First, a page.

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Google Project Wycheproof offers testing suite for crypto libraries

Google offers developers a new tool, Project Wycheproof, to strengthen crypto libraries with a testing suite to check libraries for known weaknesses.

Google celebrated the holiday season with the gift of Project Wycheproof, a security testing suite that can be used to check crypto libraries for known weaknesses.

Named for the smallest mountain in the world, Google's aim was to meet an achievable goal -- as easy as climbing a mountain that rises just 141 feet above the surrounding plain and only 486 feet above sea level. Project Wycheproof was designed to reduce the effect of errors in open source crypto libraries through the creation of a unit-testing suite that can identify well-known weaknesses in cryptographic implementations.

"In cryptography, subtle mistakes can have catastrophic consequences, and mistakes in open source cryptographic software libraries repeat too often and remain undiscovered for too long," Daniel Bleichenbacher and Thai Duong, security engineers at Google, wrote in a blog post. "Good implementation guidelines, however, are hard to come by: Understanding how to implement cryptography securely requires digesting decades' worth of academic literature. We recognize that software engineers fix and prevent bugs with unit testing, and we found that many cryptographic issues can be resolved by the same means."

According to the blog post, Google's cryptographers scanned relevant literature on crypt flaws and implemented the best-known attacks to develop Project Wycheproof, which features "a collection of unit tests that detect known weaknesses, or check for expected behaviors of some cryptographic algorithm." The result includes tests for most cryptographic algorithms, including RSA, elliptic curve cryptography and the digital signature algorithm used in the Digital Signature Standard.

Google noted, even if crypto libraries can pass all the tests, it won't necessarily mean they are secure.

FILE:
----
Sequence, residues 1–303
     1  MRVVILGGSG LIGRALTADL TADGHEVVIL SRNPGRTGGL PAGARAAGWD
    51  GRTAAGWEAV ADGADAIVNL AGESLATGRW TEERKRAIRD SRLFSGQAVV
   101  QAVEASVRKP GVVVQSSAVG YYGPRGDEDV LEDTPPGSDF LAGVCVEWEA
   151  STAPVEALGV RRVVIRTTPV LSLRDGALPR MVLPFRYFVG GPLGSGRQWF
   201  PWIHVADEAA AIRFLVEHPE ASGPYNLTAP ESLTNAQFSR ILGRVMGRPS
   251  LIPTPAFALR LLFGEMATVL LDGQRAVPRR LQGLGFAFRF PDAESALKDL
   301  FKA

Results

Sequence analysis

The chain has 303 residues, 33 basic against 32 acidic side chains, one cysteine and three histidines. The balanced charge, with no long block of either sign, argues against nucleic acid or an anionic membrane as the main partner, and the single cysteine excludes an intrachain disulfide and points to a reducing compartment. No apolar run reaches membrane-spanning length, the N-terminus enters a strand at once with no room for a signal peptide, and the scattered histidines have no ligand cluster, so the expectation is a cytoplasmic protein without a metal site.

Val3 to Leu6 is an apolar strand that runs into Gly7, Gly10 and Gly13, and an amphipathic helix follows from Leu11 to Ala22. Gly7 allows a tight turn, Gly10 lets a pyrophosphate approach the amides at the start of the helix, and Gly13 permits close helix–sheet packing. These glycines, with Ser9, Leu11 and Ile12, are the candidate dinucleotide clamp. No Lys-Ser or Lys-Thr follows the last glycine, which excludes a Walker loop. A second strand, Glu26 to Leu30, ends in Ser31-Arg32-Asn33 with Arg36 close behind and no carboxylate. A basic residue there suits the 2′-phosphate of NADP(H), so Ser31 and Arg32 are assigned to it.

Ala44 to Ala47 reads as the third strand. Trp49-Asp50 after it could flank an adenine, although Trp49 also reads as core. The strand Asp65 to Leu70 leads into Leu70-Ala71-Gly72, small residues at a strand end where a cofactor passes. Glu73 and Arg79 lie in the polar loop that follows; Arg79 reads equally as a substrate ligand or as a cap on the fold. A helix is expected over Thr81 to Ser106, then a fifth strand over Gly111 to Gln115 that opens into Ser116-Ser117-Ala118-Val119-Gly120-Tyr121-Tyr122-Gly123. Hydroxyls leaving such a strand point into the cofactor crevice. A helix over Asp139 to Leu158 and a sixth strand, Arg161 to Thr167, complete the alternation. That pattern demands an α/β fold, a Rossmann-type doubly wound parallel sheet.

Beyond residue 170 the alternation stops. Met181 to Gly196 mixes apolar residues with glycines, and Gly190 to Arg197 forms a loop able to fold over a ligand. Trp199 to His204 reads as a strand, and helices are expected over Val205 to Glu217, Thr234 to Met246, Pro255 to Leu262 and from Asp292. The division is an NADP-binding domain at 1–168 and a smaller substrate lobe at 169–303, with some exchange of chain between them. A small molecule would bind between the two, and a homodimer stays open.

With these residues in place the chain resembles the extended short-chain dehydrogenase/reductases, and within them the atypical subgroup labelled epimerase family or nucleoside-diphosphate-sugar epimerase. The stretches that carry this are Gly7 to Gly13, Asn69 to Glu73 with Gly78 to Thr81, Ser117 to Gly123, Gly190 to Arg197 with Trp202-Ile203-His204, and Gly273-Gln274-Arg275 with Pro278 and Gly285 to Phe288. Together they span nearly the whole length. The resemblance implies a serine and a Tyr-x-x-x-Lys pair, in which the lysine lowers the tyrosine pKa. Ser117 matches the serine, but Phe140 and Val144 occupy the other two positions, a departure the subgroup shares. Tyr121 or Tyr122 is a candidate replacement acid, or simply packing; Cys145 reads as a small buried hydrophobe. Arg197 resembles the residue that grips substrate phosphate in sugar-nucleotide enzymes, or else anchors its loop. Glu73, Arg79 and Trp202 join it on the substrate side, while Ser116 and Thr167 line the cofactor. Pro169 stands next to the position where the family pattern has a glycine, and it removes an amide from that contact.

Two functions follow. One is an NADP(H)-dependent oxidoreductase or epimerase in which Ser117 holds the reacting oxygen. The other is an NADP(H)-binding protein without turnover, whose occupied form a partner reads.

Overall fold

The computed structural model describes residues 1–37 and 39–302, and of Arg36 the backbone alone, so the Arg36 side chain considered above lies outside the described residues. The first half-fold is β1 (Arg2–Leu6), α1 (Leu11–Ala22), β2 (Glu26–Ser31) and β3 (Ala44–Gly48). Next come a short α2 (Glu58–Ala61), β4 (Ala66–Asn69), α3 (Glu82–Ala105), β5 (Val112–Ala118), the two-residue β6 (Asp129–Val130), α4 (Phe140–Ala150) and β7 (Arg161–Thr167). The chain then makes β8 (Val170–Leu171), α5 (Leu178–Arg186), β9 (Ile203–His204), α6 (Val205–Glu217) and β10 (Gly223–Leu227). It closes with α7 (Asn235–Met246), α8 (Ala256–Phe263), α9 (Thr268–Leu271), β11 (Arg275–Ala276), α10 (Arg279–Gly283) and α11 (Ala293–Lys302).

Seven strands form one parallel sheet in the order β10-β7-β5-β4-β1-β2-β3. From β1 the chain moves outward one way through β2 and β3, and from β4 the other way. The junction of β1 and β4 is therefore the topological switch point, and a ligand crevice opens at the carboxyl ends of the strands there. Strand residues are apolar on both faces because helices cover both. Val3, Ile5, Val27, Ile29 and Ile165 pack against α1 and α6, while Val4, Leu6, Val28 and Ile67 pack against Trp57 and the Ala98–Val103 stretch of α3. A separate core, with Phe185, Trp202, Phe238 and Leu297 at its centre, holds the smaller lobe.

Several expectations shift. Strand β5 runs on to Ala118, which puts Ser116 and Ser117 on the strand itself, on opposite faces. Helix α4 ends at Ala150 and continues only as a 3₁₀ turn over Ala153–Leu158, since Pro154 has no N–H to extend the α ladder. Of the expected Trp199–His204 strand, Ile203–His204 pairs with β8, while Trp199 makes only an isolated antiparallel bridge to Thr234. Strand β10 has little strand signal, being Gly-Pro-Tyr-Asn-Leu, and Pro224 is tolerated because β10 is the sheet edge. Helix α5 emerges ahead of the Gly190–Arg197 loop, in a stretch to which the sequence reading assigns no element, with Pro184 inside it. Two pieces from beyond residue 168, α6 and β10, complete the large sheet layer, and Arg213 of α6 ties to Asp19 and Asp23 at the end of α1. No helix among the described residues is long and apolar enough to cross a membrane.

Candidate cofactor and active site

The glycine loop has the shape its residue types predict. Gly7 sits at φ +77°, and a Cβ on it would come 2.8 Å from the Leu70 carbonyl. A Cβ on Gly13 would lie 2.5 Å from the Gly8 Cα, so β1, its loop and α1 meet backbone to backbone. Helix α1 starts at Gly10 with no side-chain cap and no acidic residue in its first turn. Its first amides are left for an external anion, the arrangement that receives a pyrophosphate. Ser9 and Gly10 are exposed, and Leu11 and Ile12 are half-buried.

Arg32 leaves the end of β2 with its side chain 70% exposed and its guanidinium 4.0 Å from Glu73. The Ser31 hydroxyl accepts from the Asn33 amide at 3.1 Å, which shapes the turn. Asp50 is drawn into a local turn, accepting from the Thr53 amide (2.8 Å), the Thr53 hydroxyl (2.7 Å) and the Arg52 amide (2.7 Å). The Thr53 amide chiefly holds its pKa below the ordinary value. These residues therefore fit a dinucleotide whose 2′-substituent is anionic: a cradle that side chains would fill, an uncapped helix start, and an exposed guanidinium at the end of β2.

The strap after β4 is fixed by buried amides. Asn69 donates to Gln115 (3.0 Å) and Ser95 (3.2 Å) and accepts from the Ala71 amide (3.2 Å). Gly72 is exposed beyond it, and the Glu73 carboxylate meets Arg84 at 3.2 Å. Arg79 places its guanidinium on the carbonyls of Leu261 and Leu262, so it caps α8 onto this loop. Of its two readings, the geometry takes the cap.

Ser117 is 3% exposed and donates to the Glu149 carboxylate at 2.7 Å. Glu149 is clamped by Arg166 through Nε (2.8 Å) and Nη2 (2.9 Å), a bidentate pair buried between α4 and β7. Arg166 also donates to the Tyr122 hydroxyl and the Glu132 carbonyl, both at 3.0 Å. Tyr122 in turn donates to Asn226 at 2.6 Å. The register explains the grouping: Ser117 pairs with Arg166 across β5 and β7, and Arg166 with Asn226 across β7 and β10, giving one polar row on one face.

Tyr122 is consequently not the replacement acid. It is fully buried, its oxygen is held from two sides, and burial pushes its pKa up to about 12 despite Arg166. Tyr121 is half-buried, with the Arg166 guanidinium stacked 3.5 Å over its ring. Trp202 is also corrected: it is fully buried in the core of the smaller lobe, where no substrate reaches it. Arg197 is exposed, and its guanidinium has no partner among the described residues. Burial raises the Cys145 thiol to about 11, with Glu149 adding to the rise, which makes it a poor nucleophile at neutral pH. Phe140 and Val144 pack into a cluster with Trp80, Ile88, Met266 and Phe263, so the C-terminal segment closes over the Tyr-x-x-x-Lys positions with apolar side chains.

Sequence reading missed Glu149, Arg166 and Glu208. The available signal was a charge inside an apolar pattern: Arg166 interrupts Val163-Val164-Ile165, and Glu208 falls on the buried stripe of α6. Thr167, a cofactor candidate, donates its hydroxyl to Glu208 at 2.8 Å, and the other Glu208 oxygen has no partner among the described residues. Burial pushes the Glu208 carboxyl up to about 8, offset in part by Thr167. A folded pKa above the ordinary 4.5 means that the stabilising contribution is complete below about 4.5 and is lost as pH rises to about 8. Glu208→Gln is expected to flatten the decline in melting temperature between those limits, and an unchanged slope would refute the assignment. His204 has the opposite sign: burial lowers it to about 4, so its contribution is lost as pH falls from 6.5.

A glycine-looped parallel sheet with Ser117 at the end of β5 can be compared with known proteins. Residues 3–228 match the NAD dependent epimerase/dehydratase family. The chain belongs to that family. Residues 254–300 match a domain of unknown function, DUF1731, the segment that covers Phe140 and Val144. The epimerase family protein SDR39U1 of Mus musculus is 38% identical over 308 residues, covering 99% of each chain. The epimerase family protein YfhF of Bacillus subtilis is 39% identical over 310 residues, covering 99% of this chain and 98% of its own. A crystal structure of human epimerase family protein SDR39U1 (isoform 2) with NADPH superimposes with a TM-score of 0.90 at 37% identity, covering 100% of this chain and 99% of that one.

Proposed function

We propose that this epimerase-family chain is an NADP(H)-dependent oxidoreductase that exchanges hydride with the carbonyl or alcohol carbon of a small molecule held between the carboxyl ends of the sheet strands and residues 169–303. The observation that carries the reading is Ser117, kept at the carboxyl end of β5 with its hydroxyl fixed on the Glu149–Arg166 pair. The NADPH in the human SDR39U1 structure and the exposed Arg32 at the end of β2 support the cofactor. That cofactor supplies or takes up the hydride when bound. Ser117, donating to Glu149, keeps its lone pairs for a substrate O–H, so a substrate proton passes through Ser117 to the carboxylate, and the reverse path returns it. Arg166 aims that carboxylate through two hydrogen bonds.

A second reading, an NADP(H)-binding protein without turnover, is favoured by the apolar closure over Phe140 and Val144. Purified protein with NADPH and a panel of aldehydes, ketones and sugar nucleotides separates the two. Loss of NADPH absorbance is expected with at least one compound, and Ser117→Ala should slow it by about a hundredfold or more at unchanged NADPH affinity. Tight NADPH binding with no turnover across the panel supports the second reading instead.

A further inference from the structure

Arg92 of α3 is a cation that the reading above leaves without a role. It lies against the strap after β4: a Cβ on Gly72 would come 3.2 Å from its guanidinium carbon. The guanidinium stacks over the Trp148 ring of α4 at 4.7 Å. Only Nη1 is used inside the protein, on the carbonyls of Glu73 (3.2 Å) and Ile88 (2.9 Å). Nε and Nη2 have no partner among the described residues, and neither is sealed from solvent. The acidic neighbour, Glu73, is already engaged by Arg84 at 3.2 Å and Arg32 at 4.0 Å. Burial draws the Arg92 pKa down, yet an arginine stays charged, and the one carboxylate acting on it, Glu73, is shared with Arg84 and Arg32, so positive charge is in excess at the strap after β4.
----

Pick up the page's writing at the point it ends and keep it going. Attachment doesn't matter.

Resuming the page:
"Passing the tests does not imply that the library is secure; it just means that it is not vulnerable to the attacks that Project Wycheproof tries to detect," Bleichenbacher and Duong wrote. "Cryptographers constantly discover new weaknesses in cryptographic protocols. Nevertheless, with Project Wycheproof, developers and users now can check their libraries against a large number of known attacks without having to sift through hundreds of academic papers or become cryptographers themselves."

Project Wycheproof includes tests for key crypto algorithms, including Advanced Encryption Standard, Diffie-Hellman, elliptic curve cryptographic algorithms, the Digital Signature Standard encryption and authentication algorithms, and more. The testing suite can detect if crypto libraries are vulnerable to more than 80 test cases -- and it has already found more than 40 bugs in widely used crypto libraries.

Google researchers found they could recover private keys of widely used DSA and ECDHC crypto library implementations, as well as other flaws. Libraries already tested and found wanting include the Sun Java Cryptography Extension framework, the Bouncy Castle crypto library and OpenSSL.

The unit tests in Project Wycheproof, according to Google, are written in Java, "because Java has a common cryptographic interface. This allowed us to test multiple providers with a single test suite. While this interface is somewhat low-level and should not be used directly, we still apply a 'defense in depth' argument and expect that the implementations are as robust as possible. For example, we consider weak default values to be a significant security flaw. We are converting as many tests into sets of test vectors to simplify porting the tests to other languages."

Next Steps

Find out more about OpenSSL risk assessments for commercial products

Learn about recent vulnerabilities in the OpenSSL crypto libraries

Read about why open source needs more than just auditing to be secure

Dig Deeper on Secure software development